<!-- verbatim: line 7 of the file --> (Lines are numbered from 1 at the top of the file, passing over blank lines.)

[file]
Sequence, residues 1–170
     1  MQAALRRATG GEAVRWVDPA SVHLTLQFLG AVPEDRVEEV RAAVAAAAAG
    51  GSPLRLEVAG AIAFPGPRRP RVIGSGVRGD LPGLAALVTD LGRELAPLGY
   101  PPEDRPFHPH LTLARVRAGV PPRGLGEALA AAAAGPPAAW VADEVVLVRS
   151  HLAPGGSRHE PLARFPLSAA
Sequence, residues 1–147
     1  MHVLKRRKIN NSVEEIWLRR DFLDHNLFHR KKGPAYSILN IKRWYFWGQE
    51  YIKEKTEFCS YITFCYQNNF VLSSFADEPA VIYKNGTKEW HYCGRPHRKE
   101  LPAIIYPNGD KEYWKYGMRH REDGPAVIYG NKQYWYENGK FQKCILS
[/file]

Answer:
     1  MHVLKRRKIN NSVEEIWLRR DFLDHNLFHR KKGPAYSILN IKRWYFWGQE